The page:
In some dialects of English, there seems to be a clear(er) difference between past tense verbs with the auxiliary have as in “I have eaten the pie”, and those without, as in “I ate the pie”. The only distinction that I know of (can discern for my dialect) regarding use of “have” vs. Ø (or “do” in relevant constructions) comes out in the contrast “I have eaten pie” meaning “I have, at some point in life, eaten pie”, vs. “I ate pie” which doesn’t have the connotation of non-specific time. “Have” is incompatible with a time expression in the same S that identifies a specific time (*“I have eaten pie yesterday/last Christmas”) though it is compatible with such an expression in the discourse (“I have eaten pie, in fact it was yesterday”). Apart from that, have+V seems to be interchangeable with bare V.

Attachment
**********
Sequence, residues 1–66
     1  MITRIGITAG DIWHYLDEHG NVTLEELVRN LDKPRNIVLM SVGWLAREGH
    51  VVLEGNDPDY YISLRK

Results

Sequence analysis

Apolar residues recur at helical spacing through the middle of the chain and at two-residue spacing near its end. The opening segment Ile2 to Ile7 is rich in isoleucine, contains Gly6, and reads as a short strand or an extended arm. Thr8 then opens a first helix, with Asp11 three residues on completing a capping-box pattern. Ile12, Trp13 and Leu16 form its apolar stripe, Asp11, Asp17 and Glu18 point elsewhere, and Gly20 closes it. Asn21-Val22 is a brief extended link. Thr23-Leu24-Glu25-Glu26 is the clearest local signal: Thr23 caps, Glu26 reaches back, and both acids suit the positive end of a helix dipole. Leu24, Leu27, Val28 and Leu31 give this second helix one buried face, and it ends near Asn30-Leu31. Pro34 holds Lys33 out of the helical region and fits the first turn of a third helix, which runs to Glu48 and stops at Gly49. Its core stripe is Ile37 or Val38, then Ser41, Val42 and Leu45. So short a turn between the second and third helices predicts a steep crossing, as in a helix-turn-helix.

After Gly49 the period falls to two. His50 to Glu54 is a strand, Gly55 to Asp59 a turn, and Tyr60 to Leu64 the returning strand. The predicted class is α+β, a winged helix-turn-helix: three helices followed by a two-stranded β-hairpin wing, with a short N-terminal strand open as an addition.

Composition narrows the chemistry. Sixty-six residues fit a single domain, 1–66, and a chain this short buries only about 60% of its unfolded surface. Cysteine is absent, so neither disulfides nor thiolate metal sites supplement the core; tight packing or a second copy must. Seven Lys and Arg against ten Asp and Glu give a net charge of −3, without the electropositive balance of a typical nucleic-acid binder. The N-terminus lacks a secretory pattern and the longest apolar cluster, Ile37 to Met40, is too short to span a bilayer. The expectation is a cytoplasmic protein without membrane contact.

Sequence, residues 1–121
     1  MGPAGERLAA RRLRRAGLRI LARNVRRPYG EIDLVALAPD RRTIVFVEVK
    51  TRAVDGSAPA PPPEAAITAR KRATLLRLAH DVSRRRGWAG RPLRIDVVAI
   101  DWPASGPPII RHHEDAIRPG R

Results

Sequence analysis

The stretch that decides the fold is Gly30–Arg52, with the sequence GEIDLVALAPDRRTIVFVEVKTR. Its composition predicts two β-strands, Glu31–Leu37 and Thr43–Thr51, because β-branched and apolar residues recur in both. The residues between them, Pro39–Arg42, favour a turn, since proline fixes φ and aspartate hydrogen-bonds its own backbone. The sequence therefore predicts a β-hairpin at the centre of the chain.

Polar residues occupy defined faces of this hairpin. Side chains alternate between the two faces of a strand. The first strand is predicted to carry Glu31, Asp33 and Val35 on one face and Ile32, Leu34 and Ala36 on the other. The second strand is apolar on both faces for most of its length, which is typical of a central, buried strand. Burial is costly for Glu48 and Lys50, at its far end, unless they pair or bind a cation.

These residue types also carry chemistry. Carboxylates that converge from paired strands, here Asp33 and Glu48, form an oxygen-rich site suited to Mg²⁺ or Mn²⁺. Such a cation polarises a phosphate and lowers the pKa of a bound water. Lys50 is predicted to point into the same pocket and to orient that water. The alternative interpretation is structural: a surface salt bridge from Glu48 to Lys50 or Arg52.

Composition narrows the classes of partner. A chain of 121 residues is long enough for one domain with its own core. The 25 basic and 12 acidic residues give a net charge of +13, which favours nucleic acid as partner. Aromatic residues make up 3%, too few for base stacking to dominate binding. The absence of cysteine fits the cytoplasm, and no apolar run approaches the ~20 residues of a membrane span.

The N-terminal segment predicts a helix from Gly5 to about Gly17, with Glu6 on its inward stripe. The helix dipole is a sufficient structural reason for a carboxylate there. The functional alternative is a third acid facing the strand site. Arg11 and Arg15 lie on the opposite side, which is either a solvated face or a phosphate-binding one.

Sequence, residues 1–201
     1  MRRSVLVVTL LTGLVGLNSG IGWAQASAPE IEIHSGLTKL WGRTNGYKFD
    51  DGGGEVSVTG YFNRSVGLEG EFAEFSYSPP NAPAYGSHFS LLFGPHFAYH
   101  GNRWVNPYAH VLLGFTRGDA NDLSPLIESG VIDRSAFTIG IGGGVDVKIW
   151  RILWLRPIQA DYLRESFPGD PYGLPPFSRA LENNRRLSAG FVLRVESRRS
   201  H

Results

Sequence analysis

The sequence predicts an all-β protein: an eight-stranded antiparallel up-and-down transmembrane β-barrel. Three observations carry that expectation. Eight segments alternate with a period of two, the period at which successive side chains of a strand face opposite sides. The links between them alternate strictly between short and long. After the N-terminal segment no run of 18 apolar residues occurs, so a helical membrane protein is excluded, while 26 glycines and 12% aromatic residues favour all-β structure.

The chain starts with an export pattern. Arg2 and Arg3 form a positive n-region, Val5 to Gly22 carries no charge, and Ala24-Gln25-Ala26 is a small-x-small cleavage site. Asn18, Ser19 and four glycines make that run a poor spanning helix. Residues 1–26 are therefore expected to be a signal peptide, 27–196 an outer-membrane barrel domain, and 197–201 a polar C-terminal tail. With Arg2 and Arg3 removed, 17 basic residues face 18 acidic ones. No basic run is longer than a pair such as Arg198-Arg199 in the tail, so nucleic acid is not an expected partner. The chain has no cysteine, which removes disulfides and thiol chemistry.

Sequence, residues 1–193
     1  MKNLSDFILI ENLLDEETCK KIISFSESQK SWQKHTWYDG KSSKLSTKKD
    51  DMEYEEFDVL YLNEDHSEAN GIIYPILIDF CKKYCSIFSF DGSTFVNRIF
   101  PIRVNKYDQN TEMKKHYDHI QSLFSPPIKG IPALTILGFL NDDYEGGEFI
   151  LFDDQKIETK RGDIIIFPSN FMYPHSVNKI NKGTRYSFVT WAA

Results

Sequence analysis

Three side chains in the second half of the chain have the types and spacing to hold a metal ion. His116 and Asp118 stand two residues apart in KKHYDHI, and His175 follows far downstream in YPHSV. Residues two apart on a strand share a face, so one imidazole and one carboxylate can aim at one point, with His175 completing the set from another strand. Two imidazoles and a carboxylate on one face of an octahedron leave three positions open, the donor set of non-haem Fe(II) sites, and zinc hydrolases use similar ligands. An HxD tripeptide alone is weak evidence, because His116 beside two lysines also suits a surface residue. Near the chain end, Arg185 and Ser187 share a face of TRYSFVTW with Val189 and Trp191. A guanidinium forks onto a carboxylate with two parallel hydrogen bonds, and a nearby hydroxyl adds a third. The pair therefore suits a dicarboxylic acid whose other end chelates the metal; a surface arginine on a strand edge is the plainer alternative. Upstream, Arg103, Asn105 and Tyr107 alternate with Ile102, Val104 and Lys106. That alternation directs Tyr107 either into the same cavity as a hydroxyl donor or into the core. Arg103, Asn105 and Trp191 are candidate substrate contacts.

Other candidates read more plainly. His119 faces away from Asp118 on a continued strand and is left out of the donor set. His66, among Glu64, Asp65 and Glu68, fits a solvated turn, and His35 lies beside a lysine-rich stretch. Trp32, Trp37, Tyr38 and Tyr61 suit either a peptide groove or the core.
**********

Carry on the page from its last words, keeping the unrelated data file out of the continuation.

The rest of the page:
Is there any paper which lays out the semantics and pragmatics of bare verb vs. have+verb, especially in UK-derived dialects of English?